Increasing inflation in the “developing world, especially Asia” is putting cheap imports for Americans at risk. But this time around may be different as “first, developing countries now produce nearly half of all American imports. Second, inflation in these countries is coming at the same time that many of their currencies are rising against the dollar,” according to The New York Times.
Futures have indicated a slower day for Wall Street “after disappointing news from Alcoa and Advanced Micro Devices heightened fears about sharply reduced corporate profits in light of the global slowdown,” according to The Wall Street Journal.
After six years at the U.K. telecom company, Ben Verwaayen will step down as CEO of BT at the end of May to be replaced by Ian Livingston, the current head of BT retail. “The move follows a period when BT’s business and share price have performed poorly and comes just over six months after Sir Michael Rake took over from Sir Christopher Bland as chairman,” reports the Financial Times.
Even though the Dow Jones had jumped about 125 points at one point on Monday, it closed up only 3.01 points thanks to aluminum maker Alcoa’s drop. In regard to the stock market as a whole yesterday, Art Hogan, chief market analyst with Jeffries said, "What a waste of time! … We could have just not opened at all," reports The Street.
Oil prices surged again, and “a barrel of U.S. light crude oil hit a new all-time high of $98.62 this morning, having reached $97.07 in fevered trading yesterday,” according to The Guardian. The dollar fell to a new low against the pound in London’s morning trading.
“Investment bank Merrill Lynch & Co Inc … does not plan to raise more capital and will continue to shrink its balance sheet amid the global credit crunch, Chief Executive John Thain said on Tuesday,” Reuters reports.
The opposition in Zimbabwe has charged pro-government militants with beating up at least 80 “Zimbabwean opposition activists,” reports the BBC. “The reports of violence coincide with the invasion of at least 18 white-owned farms by so-called ‘war veterans,’” the BBC writes.
"Although talk of Iran has subsided somewhat, a French author has taken the prospect seriously enough to devote a whole book to a chilling, highly detailed look at how it might play out," writes Dan Dupont for the Wired blog Danger Room.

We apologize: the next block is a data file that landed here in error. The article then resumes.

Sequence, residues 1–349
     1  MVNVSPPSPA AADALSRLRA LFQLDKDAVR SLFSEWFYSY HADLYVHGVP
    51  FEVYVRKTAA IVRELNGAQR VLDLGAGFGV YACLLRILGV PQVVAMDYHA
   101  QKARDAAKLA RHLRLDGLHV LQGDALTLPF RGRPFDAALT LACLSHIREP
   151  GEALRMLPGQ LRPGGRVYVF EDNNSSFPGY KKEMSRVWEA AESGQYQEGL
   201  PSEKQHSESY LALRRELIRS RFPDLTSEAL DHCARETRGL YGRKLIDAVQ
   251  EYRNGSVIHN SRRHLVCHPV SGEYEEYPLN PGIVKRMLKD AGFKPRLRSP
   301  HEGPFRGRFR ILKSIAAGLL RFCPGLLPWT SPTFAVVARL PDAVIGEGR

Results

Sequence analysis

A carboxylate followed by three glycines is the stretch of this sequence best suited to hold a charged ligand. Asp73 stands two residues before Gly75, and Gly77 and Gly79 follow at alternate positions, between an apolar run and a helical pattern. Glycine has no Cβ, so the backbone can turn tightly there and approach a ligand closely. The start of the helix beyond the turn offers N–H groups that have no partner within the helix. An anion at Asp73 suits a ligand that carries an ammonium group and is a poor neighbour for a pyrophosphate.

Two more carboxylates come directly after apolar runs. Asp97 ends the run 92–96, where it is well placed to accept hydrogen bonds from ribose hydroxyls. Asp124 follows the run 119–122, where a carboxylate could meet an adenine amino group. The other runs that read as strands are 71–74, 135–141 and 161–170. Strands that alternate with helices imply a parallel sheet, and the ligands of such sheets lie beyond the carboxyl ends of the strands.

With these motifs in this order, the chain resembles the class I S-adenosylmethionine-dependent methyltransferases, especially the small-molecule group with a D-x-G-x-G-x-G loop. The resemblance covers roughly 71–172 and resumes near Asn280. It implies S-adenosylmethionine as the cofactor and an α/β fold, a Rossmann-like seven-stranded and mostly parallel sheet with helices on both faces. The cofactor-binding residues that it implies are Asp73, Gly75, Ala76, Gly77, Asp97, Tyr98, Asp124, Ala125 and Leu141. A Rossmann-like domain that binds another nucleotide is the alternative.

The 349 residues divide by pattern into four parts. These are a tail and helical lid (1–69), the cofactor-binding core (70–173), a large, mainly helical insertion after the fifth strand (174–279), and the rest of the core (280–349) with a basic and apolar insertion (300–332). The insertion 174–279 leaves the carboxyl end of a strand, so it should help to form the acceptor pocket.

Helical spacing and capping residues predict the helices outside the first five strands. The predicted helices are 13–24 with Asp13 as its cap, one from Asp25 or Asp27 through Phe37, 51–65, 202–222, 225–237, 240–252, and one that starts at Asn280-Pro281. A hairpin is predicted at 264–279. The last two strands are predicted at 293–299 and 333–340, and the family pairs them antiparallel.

“The Yemeni security forces are stretching their resources across the country as clashes kill dozens in the north, protests in the south continue and American citizens are targeted in the capital 'Sana,” writes The Media Line. Protests erupted on March 3 when youths expressed their anger over not being accepted into the army. Northerners have controlled the Yemeni government and economy, “while the impoverished southerners say they are being marginalized,” reports The Media Line.
Gen. David H. Petraeus and Ambassador Ryan C. Crocker will address Congress today and tomorrow, where they are supposed to reveal how security has gotten better in Iraq. “But unlike in September, when that news was fresh and the administration said a corner had been turned, even some of the war's strongest supporters in Congress have grown impatient and frustrated,” according to The Washington Post.
More than 400 children have been removed from the ranch of a polygamous religious sect under investigation for allegations of abuse and forced marriages to teenagers, Texas authorities reported on Monday.
Officials warn that if Charles County follows through with plans to build a four-lane highway across Mattawoman Creek in southern Maryland, one of the most fertile fish breeding grounds in the Chesapeake Bay region could be destroyed.
The “Colbert bump” is real, according to a new study, which shows that political candidates who appear on Comedy Central’s popular fake news show the “Colbert Report” actually get a boost in contributions.
A Grand Jury found that an Orange County prison was in “disarray, with deputies watching television, playing video games and taking naps while inmates were allowed to use brutality and intimidation to keep order in the cellblocks,” reports the Los Angeles Times. One inmate was beaten to death while a guard while text messaging and watching “Cops.”
Upon the arrival of the Olympic torch in San Francisco on Tuesday, protesters posted signs on the Golden Gate Bridge condemning China for its treatment of Tibet. The torch's only stop in America comes a day after demonstrators rocked Paris. “Meanwhile, International Olympic Committee president Jacques Rogge said the committee would consider ending the international leg of the Beijing Olympic torch relay because of anti-Chinese protests,” according to ABC.
Kansas defeated Memphis in overtime to win the NCAA national championship last night. After Mario Chalmers of Kansas tied the game up in a thrilling last second three pointer to force overtime, the Jayhawks came out on top by a score of 75–68.
A New Zealand man may face up to five years in prison for flinging a hedgehog at a 15-year-old boy, giving him welts. "The police spokesman said the suspect was arrested 'for assault with a weapon, namely the hedgehog,'" according to the BBC.